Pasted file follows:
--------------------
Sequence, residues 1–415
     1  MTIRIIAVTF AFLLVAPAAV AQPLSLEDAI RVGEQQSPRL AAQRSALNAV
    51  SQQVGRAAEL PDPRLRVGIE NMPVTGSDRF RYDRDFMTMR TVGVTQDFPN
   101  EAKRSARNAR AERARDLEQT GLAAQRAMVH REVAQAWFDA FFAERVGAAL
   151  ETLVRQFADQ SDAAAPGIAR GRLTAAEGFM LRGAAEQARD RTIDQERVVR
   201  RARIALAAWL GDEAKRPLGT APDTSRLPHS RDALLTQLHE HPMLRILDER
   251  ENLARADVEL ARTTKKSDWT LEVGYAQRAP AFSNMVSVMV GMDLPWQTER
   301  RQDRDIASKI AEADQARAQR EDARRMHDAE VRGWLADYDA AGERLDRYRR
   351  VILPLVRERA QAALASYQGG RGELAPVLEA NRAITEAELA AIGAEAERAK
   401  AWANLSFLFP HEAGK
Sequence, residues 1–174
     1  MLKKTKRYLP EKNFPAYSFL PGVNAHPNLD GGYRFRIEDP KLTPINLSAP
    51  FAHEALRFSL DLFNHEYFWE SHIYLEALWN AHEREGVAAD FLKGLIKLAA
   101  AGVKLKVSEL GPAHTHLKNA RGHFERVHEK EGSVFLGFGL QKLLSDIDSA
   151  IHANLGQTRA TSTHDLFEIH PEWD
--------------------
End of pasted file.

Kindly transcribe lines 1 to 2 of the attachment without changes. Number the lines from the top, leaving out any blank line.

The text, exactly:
Sequence, residues 1–415
     1  MTIRIIAVTF AFLLVAPAAV AQPLSLEDAI RVGEQQSPRL AAQRSALNAV